UFC Lightweight Champion Conor McGregor hasn’t competed since UFC 205, where he defeated Eddie Alvarez to win the lightweight championship. While he’s not expected to return until at least May due to the impending birth of his first child, McGregor has been studying about potential brain injuries that MMA fighters can suffer, which has been a concern of his since at least 2015.
“I know that in the fighting game, you get people who get brain damage and do themselves long-term harm,” McGregor said to GQ Magazine.
The worries heated up big time for the then UFC Featherweight Champion in April of 2016, when he witnessed a fighter by the name of Joao Carvalho suffer what would turn out to be a fatal brain hemorrhage while fighting McGregor’s teammate Charlie Ward. McGregor sat cageside as everything was going down.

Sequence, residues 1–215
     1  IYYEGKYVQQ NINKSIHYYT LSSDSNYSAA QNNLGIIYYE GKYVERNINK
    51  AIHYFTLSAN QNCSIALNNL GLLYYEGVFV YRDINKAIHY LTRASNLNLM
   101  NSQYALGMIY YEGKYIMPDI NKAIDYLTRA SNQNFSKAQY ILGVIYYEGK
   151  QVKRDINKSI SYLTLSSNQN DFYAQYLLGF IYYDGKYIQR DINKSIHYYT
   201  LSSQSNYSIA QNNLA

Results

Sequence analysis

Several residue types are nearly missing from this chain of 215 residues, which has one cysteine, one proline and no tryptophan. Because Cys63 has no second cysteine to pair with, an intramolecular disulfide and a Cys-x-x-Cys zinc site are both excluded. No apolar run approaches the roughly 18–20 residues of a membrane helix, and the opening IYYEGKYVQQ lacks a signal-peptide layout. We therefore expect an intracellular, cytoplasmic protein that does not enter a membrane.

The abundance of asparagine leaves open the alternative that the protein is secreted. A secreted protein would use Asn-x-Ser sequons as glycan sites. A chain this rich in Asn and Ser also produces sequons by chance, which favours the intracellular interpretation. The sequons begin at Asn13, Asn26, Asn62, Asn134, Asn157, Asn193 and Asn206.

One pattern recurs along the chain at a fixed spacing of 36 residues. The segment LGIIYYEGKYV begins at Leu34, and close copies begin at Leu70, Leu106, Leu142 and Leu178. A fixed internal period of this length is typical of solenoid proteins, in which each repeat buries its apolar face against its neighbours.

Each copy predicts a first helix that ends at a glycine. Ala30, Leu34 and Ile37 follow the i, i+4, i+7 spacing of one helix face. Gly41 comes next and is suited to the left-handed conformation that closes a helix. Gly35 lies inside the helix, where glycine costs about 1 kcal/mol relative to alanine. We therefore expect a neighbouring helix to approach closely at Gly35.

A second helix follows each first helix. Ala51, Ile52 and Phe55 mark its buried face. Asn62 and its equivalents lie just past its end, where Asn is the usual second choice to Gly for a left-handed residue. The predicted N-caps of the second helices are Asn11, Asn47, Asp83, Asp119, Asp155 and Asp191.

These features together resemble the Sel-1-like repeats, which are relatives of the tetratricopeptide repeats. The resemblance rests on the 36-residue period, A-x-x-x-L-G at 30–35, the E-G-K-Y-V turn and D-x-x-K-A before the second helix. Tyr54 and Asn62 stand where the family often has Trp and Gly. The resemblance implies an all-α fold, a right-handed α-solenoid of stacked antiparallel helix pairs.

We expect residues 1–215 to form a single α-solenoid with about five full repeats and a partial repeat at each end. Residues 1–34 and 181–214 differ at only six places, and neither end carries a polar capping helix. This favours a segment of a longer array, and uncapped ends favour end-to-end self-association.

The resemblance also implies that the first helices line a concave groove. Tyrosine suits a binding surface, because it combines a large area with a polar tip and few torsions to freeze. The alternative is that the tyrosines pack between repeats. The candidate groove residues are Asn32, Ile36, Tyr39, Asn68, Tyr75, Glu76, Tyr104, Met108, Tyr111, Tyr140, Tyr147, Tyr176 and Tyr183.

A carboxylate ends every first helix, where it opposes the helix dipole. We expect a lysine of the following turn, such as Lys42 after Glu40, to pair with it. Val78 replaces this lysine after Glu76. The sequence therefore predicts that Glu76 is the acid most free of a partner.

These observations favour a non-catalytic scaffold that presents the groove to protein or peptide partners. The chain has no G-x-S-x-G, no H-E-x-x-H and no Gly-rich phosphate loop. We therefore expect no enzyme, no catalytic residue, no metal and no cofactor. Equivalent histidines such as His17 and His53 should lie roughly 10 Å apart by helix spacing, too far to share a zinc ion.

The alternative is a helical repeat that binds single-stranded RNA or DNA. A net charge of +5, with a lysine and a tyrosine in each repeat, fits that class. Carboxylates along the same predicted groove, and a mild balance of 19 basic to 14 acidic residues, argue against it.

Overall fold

“It's f—ked up. I wasn't just watching that fight. I helped train a guy to kill someone, and then someone wound up dying,” McGregor said to Men’s Health.
Dan Healy, who is a neurologist based out of Ireland and has held conferences with MMA fighter about the dangers of brain injuries. He has high hopes for the future.
"I'd like to see every young man and woman who decides to fight to do so knowing that every possible avoidable risk has been minimized," said Healy to the Independent.
Elevation Fight Team out of Colorado recently announced a change to their training routines to avoid these kinds of injuries while training. McGregor currently trains with SBG Ireland.
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